This website aims to compile information relating to the history of Enniskerry, Powerscourt and surrounding areas. The website began as a support site for the publication of a book on the history of the village but has evolved into being a substantial resource on many aspects of the village’s history from medieval until recent times.
- See Publications page for details of publications arising out of this project.
- Contributions from everyone are very welcome. See the “Share your history” page.
- See a list of all posts on the website at the Table of Contents page.
- Some resources are listed at the Library page.
The website is maintained by Michael Seery. It is a voluntary effort, but a labour of love. I’m grateful to everyone who has contributed (compiled by the Shared History category).
The site is now closed but maintained online for archival purposes.
- “All in all an excellent concise history of Enniskerry Village, Co. Wicklow, and a title that no local historian should be without.” Jim Scannell (Old Bray Society, Old Dublin Society, Local Historian)
- “The most impressive feature of this volume is the value which it attaches to the careful use of primary sources.” Rosemary Raughter, (Greystones Archaeological & Historical Society, Historian)
- “It is a model of local history diligence and brio and commitment, and deserves to be widely read – and emulated.” Robert O’Byrne, (The Irish Aesthete Website, Vice-President of the Irish Georgian Society)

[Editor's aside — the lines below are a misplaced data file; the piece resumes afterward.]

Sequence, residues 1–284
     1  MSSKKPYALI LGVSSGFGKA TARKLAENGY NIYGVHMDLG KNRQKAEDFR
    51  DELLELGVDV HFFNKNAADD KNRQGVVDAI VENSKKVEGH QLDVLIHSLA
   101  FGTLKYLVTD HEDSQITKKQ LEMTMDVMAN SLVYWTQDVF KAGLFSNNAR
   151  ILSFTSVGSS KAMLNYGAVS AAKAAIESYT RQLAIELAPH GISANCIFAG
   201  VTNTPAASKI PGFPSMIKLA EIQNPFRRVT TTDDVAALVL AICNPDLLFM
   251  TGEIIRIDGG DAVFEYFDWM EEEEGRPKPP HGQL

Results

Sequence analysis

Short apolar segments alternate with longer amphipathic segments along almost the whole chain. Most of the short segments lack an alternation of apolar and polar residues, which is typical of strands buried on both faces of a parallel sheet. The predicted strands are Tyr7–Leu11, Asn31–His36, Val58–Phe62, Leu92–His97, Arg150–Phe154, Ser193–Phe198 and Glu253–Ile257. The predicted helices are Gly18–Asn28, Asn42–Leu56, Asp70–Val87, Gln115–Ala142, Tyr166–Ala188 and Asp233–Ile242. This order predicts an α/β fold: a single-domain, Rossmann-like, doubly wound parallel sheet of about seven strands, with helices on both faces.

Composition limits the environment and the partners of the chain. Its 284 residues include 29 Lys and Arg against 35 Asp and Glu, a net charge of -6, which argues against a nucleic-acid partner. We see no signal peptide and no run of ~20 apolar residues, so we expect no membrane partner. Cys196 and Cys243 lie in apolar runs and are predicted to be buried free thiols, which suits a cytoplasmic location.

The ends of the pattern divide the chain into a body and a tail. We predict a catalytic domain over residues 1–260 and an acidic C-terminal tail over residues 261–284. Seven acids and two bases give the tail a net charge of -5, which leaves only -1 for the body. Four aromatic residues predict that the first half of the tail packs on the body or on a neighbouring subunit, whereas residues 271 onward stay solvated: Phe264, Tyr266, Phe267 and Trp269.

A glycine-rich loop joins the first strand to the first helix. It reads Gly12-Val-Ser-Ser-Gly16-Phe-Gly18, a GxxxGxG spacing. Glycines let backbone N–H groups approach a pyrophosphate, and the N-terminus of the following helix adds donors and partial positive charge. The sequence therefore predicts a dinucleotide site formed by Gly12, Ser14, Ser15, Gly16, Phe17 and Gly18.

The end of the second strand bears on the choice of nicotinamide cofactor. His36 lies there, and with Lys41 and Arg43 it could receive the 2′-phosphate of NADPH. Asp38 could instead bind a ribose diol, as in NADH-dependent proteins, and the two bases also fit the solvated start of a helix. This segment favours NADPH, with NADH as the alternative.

- A meticulously researched and well-presented work which traces the history of purpose-built schoolhouses in Wicklow up to around the middle of the nineteenth-century. Written by someone who has an obvious passion both for education and for local history, it is hard to believe that a book of this size could contain so much information. West Wicklow Bookshelf (Review of Education in Wicklow)
35 thoughts on “About this Website”
Hi, I’m keenly interested in your book, as I have an ancestor, William Pender, who was born in the parish of Powerscourt in about 1781. He was in the British army (100th Reg’t and also Wallace Fencibles) and eventually settled in Canada. His wife’s name was Elizabeth Pepper. I’m hoping your book includes a few surnames of the area. If not, then I’m still looking forward to reading the history. Very glad you are on this project. Cheers, Amy Seyfried, Sacramento, California
Thanks for the note. I do have a few names dotted throughout, but I don’t remember a Pender. You should post this information in the discussion board, someone might have an idea. I’ll keep an eye out for the name now that I know it.
Looking forward to reading the book. C
have just come across the site and find it very interesting.my father, Dan Seery, was born in Enniskerry in 1903, died in 1984. I assume you and I are related.
Best of luck with the project. I hope to get to the launch on 30th april.